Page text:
The safest and most effective method of detox is under medical supervision. Medical detox programs help drug-addicted nurses overcome and manage withdrawal symptoms from opioids, alcohol, and benzos.
While in detox, a comprehensive treatment plan is established. While detox is essential to recovery, it’s not a treatment. To successfully handle temptations and triggers, people need to complete a continuum of care program.
Medication-assisted treatment or MAT combines medication and behavioral therapies to treat addiction. Medications such as naloxone, naltrexone, and buprenorphine are highly effective in treatment. However, members must be closely monitored for misuse of these drugs.
Cognitive-behavioral therapy (CBT) is a form of talk therapy. CBT aims to change a member’s thoughts, beliefs, and emotions to treat mental health and substance use disorders. CBT is very beneficial for drug-addicted nurses in recognizing potential triggers.
Dialectical Behavior Therapy
A form of CBT, dialectical behavior therapy (DBT), focuses on building healthy behavioral skills. For example, doctors and nurses deal with stress daily, which caters to their unhealthy habits of substance misuse. But, DBT teaches mindfulness, regulating emotions, and effective methods to manage the stressors in life.
Holistic therapy is often called “whole person” treatment because it heals the body, mind, and spirit. So, in holistic therapies, the goal is to bring balance back to the whole person. Furthermore, holistic therapies are not specifically religious therapies, but they are spiritual therapies where you seek understanding through self-care.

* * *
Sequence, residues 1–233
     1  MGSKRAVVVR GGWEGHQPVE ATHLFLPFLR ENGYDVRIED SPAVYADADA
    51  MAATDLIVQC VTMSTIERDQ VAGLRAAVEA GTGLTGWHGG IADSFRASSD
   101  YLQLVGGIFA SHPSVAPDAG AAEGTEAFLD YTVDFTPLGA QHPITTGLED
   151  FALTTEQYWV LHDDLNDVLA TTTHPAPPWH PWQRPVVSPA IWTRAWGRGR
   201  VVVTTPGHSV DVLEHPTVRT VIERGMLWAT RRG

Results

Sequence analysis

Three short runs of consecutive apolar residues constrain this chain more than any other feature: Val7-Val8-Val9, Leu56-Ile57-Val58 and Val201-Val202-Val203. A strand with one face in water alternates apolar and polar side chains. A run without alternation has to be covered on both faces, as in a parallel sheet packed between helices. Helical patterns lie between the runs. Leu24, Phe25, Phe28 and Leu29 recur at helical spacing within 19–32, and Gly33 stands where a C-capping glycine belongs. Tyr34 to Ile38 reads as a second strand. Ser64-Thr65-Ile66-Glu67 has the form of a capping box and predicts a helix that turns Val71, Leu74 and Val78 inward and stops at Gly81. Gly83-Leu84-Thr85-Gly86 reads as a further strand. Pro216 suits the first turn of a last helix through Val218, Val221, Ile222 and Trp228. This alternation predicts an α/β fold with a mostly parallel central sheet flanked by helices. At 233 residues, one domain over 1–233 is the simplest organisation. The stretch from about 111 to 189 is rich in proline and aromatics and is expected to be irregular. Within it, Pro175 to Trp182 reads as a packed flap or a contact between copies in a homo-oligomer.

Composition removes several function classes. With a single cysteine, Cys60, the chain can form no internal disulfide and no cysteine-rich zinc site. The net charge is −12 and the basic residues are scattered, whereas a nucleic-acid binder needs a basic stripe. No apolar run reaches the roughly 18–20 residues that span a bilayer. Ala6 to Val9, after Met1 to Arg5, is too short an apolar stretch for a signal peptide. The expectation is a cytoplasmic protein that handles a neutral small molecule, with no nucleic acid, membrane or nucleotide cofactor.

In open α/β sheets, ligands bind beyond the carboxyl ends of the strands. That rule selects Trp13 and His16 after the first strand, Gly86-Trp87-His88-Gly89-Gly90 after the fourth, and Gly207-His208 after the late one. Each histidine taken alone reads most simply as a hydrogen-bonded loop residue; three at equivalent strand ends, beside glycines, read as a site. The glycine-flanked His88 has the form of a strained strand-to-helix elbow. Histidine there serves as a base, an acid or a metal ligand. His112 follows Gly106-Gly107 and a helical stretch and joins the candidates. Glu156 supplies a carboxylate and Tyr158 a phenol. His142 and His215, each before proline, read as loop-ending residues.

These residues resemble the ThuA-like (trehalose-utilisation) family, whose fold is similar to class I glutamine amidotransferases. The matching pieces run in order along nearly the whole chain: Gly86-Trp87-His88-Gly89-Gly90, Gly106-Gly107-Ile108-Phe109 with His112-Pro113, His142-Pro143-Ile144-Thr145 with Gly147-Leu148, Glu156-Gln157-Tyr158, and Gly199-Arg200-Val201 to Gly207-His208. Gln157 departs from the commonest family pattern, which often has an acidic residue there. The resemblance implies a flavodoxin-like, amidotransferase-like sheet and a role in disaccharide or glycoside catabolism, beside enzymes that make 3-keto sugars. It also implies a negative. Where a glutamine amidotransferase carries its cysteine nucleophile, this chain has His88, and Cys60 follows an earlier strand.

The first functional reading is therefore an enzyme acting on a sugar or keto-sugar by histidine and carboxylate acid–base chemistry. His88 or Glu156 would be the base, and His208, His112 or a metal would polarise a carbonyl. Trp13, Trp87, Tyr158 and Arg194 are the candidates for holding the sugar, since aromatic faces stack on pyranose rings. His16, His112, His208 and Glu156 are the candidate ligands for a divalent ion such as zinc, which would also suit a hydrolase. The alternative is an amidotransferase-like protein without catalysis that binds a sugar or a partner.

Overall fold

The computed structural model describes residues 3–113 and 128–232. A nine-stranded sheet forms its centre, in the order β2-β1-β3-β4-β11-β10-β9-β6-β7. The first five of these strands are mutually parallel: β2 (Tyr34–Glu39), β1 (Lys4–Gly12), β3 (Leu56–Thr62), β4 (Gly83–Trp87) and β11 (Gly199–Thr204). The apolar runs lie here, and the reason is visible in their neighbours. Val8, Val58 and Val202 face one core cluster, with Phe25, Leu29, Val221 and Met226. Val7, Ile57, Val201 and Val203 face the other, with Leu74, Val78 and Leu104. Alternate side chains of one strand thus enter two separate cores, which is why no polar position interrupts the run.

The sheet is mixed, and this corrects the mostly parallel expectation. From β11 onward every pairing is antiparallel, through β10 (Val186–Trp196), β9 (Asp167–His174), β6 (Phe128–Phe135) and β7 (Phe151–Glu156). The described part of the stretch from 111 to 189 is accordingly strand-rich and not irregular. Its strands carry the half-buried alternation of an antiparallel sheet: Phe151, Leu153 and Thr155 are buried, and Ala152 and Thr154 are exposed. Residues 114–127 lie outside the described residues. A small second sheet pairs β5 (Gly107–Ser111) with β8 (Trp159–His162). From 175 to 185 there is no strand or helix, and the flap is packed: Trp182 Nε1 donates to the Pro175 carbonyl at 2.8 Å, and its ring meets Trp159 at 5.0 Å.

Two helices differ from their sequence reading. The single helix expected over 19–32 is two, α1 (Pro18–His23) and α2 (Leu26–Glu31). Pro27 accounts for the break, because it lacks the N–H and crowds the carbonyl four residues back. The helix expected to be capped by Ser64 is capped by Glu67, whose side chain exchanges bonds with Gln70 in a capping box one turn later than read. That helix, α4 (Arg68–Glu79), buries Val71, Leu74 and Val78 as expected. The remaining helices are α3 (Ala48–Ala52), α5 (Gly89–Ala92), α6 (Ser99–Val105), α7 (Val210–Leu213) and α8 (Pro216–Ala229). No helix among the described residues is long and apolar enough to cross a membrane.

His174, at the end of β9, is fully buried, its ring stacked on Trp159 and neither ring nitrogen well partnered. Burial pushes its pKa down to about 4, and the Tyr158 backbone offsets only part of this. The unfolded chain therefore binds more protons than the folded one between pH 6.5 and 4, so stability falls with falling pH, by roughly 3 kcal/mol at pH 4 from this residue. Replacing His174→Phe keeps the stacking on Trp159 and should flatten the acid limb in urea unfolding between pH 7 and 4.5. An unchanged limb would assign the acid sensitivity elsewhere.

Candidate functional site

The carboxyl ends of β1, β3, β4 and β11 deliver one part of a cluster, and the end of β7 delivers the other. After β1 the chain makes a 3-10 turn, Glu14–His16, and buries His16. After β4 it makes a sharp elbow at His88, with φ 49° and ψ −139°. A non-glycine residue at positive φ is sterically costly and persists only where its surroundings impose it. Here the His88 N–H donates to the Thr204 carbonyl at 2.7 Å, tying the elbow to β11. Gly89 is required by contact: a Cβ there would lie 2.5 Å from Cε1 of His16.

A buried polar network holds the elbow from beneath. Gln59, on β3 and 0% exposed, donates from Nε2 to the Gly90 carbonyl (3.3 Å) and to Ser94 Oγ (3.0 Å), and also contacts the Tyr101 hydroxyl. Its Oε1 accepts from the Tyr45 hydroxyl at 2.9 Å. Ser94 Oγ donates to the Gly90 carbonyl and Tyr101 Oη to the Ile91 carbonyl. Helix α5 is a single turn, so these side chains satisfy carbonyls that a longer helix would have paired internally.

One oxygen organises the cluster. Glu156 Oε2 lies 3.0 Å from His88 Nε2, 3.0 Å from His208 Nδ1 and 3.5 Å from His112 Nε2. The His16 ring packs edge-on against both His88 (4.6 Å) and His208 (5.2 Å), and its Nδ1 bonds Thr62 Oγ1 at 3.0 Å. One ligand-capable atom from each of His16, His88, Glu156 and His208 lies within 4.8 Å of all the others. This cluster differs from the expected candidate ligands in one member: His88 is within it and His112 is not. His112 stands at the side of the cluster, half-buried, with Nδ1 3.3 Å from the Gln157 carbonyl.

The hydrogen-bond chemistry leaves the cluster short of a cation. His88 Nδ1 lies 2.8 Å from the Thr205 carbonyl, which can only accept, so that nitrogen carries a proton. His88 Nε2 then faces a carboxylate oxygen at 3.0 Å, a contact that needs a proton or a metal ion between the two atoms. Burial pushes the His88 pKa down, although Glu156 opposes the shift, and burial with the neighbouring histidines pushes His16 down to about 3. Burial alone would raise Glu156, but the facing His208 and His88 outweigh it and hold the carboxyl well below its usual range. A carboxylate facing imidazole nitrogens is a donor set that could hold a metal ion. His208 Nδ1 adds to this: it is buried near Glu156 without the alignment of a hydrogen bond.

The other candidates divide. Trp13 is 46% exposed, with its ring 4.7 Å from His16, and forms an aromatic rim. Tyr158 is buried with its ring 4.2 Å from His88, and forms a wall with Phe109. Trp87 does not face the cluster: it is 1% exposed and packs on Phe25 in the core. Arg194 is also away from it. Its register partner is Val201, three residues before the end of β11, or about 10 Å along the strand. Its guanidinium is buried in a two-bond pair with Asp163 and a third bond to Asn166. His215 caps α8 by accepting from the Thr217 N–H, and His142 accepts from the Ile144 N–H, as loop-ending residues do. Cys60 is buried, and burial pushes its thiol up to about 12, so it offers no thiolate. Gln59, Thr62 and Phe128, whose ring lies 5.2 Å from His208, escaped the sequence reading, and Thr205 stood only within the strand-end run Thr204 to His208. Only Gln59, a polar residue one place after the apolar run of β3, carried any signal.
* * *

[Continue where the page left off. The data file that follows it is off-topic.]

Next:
Holistic therapies include but are not limited to the following:
Yoga is a form of exercise and holistic treatment which uses postures and body movements to encourage relaxation and meditation. It can be effective in treating drug abuse in doctors by:
- Encouraging more exercise
- Healthy eating habits
- Improving sleep
- Decreasing stress
- Reducing cravings for drugs and alcohol
Mindfulness and Meditation
Mindfulness is the art of being fully present at the moment. It is opening your mind to greater awareness and understanding of ourselves. Meditation is a form of mindfulness that uses focused breathing to clear the mind.
Journaling is a holistic therapy. By writing down your thoughts, goals, successes, and setbacks in your journey, journaling keeps you present and focused on your recovery goals. Journaling can also help identify negative thoughts and behavior patterns.
Relapse Prevention Plan
A relapse prevention plan is essential when preparing to leave addiction treatment. Although doctors and nurses have lower relapse rates, 40 to 60 percent of the general public relapse after treatment. So, having a plan of action when triggers and cravings become overwhelming can differentiate between lasting recovery and a recurrence of use.
Sana Lake Treats Substance Abuse in Healthcare Professionals
At Sana Lake, we understand the unique challenges of drug abuse in doctors. Don’t let the negative stigmas and stereotypes about nurses and addiction stop you from getting the help you need. Find out more about our program for substance abuse in healthcare professionals by contacting us today.